Showing posts with label Modulex. Show all posts
Showing posts with label Modulex. Show all posts

18 November 2018

Old Elementary: The Modulex Integration Explanation Part 2

Ralf Langer is a German builder who seems to have a real knack for integrating Modulex into his LEGO® creations. This is the second part in a two-part series; read the first part here.

1x3 Modulex Bricks & LEGO plates 

Surprisingly, a Modulex 1x3 brick fits any 2-stud wide LEGO plate (except for the 1x2 plate). Better still, Plate 2x2 allows three Modulex 1x3 bricks to connect, and it fits perfectly.


For all plate sizes longer than Plate 2x2, there needs to be gaps as every second Modulex 1x3 brick conflicts with the tubes under the plates. If that's not you want in your model you may prefer to connect multiple 2x2 plates together, as shown above.

15 November 2018

Old Elementary: The Modulex Integration Explanation Part 1

A year ago we published a post by LEGO® history geek Francesco Spreafico about an old LEGO product called Modulex. At the time there were some mixed feelings towards the post, primarily because Modulex is often thought of as incompatible with the LEGO System bricks we all know and love. More recently we came across Ralf Langer, a German builder who seems to have a real knack for integrating Modulex into his creations. Ralf was happy to offer some insight into his methods.


I bought my first Modulex bricks back in June. I'm not quite sure why I finally decided to give it a try but most probably it was Terracotta, a nice muted earth tone. I really like using muted colours and the Modulex colour Terracotta is a tone that seems to be suitable for roofs or decorative strips for houses.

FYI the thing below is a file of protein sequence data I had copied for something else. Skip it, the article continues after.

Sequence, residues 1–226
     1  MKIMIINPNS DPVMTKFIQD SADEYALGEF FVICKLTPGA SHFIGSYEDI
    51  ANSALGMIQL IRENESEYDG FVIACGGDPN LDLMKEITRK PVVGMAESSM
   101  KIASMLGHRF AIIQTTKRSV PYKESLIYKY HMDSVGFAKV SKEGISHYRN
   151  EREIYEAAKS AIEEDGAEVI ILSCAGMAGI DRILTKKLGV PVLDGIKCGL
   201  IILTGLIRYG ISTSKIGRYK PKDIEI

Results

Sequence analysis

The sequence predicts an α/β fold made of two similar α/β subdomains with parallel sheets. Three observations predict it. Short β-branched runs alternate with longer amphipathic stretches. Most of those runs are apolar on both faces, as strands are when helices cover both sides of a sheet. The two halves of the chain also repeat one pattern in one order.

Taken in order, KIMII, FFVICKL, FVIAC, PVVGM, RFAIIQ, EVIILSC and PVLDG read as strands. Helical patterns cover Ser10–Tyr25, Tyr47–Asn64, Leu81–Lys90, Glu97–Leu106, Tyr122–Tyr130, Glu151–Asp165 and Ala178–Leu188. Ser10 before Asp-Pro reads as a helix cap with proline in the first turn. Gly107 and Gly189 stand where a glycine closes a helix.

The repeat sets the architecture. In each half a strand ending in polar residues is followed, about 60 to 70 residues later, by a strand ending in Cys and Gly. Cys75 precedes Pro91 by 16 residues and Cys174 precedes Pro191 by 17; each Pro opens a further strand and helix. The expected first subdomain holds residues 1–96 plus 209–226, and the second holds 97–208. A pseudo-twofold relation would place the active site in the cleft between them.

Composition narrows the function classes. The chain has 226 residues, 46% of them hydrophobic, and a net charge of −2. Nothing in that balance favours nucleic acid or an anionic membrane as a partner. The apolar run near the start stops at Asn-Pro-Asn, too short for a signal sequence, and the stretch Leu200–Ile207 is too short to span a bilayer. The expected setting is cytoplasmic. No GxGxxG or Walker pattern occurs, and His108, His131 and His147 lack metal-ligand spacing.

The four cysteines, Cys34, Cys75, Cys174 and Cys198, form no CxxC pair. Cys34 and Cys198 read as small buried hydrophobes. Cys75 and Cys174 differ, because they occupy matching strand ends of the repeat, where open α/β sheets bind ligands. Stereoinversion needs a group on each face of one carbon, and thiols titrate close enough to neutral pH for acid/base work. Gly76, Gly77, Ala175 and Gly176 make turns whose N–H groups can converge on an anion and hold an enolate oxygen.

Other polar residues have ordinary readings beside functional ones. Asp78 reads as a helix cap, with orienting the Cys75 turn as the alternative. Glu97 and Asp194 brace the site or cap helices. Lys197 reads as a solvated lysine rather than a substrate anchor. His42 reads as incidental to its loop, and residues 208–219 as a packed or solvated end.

10 February 2018

2017 Skærbæk Parts Festival: Cristiano Grassi and Oscar Cederwall

Two participants of our parts festival at Skærbæk Fan Weekend last September continued building with the new LEGO® pieces after they got home from Denmark.

Oscar Cederwall

Oscar was very interested in the strange Minecraft railway track piece, Plate 2X2, W/ Design in Reddish Brown (Element ID 6163991|Design ID 27928).

He pulled some crafty moves to set the whole of the interior of this flower box at 45°.

2 November 2017

Old Bricks: What is Modulex?

Back in the 1960s the LEGO® Group created a new kind of brick, for adults. Self-confessed LEGO history geek Francesco Spreafico has kindly agreed to translate another of his great articles for us, which he first published in Italian on his excellent blog Old Bricks.

In past articles I mentioned Modulex bricks a few times, but I never fully explained what these bricks actually were; I think that now the time has come to write a brief introduction about them.

At the beginning of the 1960s Godtfred Kirk Christiansen had to design a real building and, as an extension to regular drawings, he created a physical model of the building using LEGO® bricks. Since he had found this process to be very useful, he decided to have a new system developed, a system that was not compatible with the LEGO System, but that was optimised for this kind of architectural design. These new bricks – the Modulex bricks – were put on the market in 1963 and they were intended only for architects, the category they had been created for.


12 March 2017

Old Bricks: Brick Yellow & Brick Red

Francesco Spreafico returns with another guest post today containing more interesting historical facts about LEGO® colours. Francesco first published this article in Italian on his excellent blog Old Bricks.

About a year and a half ago, Kevin Hinkle of the LEGO® community engagement team told us a bit of trivia he had heard from his colleagues in the Materials and Research & Development department: the reason why the LEGO colour that is commonly called “Tan” is officially called “Brick Yellow”.